Former Telekom rider tells of systematic EPO
By Erik Kirschbaum
BERLIN, May 22 (Reuters) - Former Telekom cyclist Bert Dietz has told a German television station that the team carried out a systematic doping regime for its riders between 1994 and 1998.
In an interview broadcast on the ARD public television network on Monday, the 38-year-old said team doctors from the University of Freiburg, who were recently suspended, were fully involved in the process and sometimes administered injections.
"The doctors did the injections themselves when they were on site," said Dietz, a member of one of the top teams of the 1990s along with Tour de France winners Bjarne Riis and Jan Ullrich.
"When they weren't there, team masseur Jef d'Hont handled it."
D'Hont wrote in a recent book that Telekom had encouraged riders to use banned blood booster EPO.
He said Telekom Tour de France winners Riis (1996) and Ullrich (1997) used erythropoietin (EPO) and the medical team encouraged Ullrich to use the substance in 1996.
D'Hont also accused two team doctors, Lothar Heinrich and Andreas Schmid, of administering EPO injections in 1996.
The T-Mobile cycling team, the successor to Team Telekom, suspended Schmid and Heinrich earlier this month after state prosecutors launched an investigation into d'Hont's allegations.
On Tuesday, the two doctors were suspended from their jobs by the University of Freiburg, which also recalled three other doctors who now work with T-Mobile.
Dietz's confession prompted another former Telekom rider, Christian Henn, to come forward on Tuesday and admit he took part in the EPO doping system from 1995 to 1999. Henn has been sporting director at Gerolsteiner since 2001.
"I can only say that I used EPO," he told the Frankfurter Rundschau newspaper in an article to appear on Wednesday.
T-Mobile spokesman Christiam Frommert told German television that they planned to continue their investigation. T-Mobile has said it has a "zero-tolerance" attitude to doping.
Dietz, whose most notable success was winning a stage of the Tour of Spain in 1995 and 1996, said the doctors gave him detailed instructions on the use of blood doping that year. He was Germany's amateur cycling champion before joining Telekom.
"And if we wanted to be riding up with the leaders we would probably have to try this stuff out," Dietz quoted the doctors telling him. "The potential side effects and risks were explained. Then in principle it was a decision left to us."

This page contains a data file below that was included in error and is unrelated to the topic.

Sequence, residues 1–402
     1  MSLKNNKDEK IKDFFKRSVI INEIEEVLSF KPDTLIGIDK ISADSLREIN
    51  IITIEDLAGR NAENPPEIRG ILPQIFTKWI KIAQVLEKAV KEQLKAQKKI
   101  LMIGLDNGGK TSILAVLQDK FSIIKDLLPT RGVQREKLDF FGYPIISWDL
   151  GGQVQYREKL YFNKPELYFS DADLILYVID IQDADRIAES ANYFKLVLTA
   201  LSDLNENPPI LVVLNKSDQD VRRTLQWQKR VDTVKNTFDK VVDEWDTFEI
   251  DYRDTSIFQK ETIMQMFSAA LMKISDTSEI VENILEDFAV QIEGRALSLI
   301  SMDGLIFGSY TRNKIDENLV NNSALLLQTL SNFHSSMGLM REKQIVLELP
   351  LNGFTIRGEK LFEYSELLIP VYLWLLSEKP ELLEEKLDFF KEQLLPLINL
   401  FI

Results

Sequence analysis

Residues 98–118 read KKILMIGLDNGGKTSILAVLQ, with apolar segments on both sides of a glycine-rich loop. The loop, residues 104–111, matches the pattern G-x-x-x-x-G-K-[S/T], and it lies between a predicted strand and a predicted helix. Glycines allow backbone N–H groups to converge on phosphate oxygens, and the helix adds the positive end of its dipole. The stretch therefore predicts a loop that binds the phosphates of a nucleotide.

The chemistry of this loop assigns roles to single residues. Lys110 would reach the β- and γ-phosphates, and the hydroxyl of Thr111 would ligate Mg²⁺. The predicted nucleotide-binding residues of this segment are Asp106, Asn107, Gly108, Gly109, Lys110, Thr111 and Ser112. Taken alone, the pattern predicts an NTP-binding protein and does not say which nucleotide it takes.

When asked by talk show host Reinhold Beckmann if the doctors "ordered" or "offered" EPO, Dietz said: "They offered it, but in a way that everyone knew 'if I don't take that now I'll likely have poor results and my contract won't be extended'."
Dietz said the doctors were integrated in training plans.
"It was Telekom's wish. In these individual conversations that we all took part in the general cycling situation was first discussed," he added.
"Then, the Telekom situation was discussed and it was explained that we would be under pressure in the spring.
"And if we wanted to be up at the front, we'd probably have to try out this new means."
Dietz said he got regular injections until leaving the team in 1998. He said there was "practically no risk" of failing doping tests because there was no method to test for EPO until 2001. He also explained why he was coming clean now.
"I spent months wrestling with this but my wife and I agreed that I had to take this step, to put an end to that chapter and help others find the courage. I can talk openly now because I'm not part of the system anymore," said Dietz, who retired in 2000.
T-Mobile went through a major restructuring process last season after a scandal-filled year, which included the dismissal of Ullrich shortly before the Tour de France.
Former Telekom team boss Walter Godefront has rejected d'Hont's charges while there has been no comment from either Ullrich and Riis.
Germany's Ullrich retired from racing last month. Dane Riis is team manager with the CSC outfit.